My new (school) year resolutions

Posted on September 19, 2012 by


I have changed schools this year. I preface this only because it means I will be given a clean start with new students. The school I first arrived at in January was full of eager pupils, excited to learn English from a man of mystery and American clothes. It was though, my first experience teaching children, and while there is a great chance that my methods were far from perfect, I have gathered some ideas that I hope will allow me to be much more effective this coming term. So, please read on for my list of mantras:

–       I will use more discipline: Each day I went to school wide-eyed and excited to work with Georgian village children. Each day I was met at the door by a star-struck few who cherished learning and who excelled in my classes. And each day, generally, I witnessed blatant rule-violations in our classrooms by the ‘kids in the back’, who chose to copy homework, speak out of turn, or use their mobile phones for who knows what purpose. This was unacceptable, but as I was so fresh, I only made meager attempts to quell this insubordination. I gave rewards freely and fairly during my lessons; I hope that in this term I can be effective on both ends of the spectrum.

–       I will be Mr. Sid: I made somewhat of an attempt in the beginning to garner respect from the students, by requesting that they call me Mr. Sid (only in the classroom). This plan succeeded for a while, but slipped eventually, as I became closer friends with my pupils outside of class. I do, though, want to be treated as an equal teacher in the school, and I’m certain that my effectiveness as an educator was and will be directly related to their perception of me. This might sound like a fight for the sake of vanity, but I do strongly believe that even something as small as a title of respect will bring a greater power to educate.

–       I will try to empathize/I will be more patient: Occasionally, as my fifth class of the day began with a meager show of hands displaying who decided to complete the homework, I found myself wondering why this was. Why couldn’t my students work harder? Why didn’t they care more? But realization often came soon thereafter – their lives are something that I will never comprehend. My own host brothers were required to balance their studies with their work at home: tending to the garden, leading the cows, sawing logs for a new home to be built, picking cherries from the highest reaches of the trees. Some students were forced to miss school during the spring, as they were needed at home to assist. Parents understood that first came feeding the family; studies came when no one was hungry. In this coming term, while I can only hope for perfect attendance and a complete show of hands for completion, I will try to better understand these variables that too often come about.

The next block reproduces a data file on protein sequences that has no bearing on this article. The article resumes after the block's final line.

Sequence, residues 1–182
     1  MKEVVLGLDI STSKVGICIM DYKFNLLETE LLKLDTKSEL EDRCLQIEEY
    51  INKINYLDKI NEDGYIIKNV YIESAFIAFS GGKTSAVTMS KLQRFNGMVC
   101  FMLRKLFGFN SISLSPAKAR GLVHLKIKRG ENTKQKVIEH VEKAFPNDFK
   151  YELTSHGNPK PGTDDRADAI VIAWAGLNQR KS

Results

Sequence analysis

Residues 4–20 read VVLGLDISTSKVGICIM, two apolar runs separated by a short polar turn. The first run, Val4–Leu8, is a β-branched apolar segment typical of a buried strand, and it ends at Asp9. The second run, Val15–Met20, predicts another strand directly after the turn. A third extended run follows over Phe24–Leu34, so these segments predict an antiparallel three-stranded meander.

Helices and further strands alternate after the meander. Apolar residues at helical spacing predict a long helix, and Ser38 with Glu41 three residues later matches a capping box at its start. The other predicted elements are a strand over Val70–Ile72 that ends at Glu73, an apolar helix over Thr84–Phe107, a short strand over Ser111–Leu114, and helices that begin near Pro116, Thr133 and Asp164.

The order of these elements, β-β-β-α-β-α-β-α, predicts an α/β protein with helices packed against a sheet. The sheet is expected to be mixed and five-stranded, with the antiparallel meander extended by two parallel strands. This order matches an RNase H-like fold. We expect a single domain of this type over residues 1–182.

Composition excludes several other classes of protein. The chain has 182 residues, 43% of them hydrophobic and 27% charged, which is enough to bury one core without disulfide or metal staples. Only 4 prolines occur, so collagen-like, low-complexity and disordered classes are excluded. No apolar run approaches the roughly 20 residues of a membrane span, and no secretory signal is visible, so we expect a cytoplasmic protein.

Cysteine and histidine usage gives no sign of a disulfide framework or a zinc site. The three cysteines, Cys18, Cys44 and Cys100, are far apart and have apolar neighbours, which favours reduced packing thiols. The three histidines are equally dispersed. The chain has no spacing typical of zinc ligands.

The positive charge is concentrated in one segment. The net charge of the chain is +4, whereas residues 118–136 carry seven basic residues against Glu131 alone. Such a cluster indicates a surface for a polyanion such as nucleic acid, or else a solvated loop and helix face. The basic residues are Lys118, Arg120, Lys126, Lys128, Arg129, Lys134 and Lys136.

–       I will care about every day: As a volunteer with TLG, I am lucky. It is an organization that allows me to come across the world to Georgia and participate in a program that will hopefully one day be a citable reason for the prosperity of the country. I have been brought in with a family, who treats me as a long-lost son. The community respects me, and showers me with affection (sometimes with words, sometimes with cha-cha). But, on a handful of days in the last term, maybe because of the rain, maybe the heat, maybe even the three feet (or more!) of snow, I found myself entering the school, longing for the last class to end so I could retreat to my quarters and remove myself for a period. Longing for a new day to begin. So I wish, and resolve, to remind myself each day that this time will not be forever, that this is both a choice and a gift, and that each day should be seen as just another time to work harder, enjoy more, and reminisce upon as the days turn.

I am looking forward to the first day of school. I am looking forward to beginning again.